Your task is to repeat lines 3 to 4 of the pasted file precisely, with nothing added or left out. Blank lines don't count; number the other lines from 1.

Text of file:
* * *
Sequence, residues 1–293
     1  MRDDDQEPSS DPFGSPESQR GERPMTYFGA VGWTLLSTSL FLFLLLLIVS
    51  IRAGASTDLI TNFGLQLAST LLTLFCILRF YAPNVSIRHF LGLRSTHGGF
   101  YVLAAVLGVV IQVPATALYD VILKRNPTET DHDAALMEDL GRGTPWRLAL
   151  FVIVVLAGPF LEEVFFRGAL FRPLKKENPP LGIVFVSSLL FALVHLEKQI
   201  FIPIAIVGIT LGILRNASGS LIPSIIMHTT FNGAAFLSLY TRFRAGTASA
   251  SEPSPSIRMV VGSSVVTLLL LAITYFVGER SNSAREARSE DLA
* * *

    51  IRAGASTDLI TNFGLQLAST LLTLFCILRF YAPNVSIRHF LGLRSTHGGF
   101  YVLAAVLGVV IQVPATALYD VILKRNPTET DHDAALMEDL GRGTPWRLAL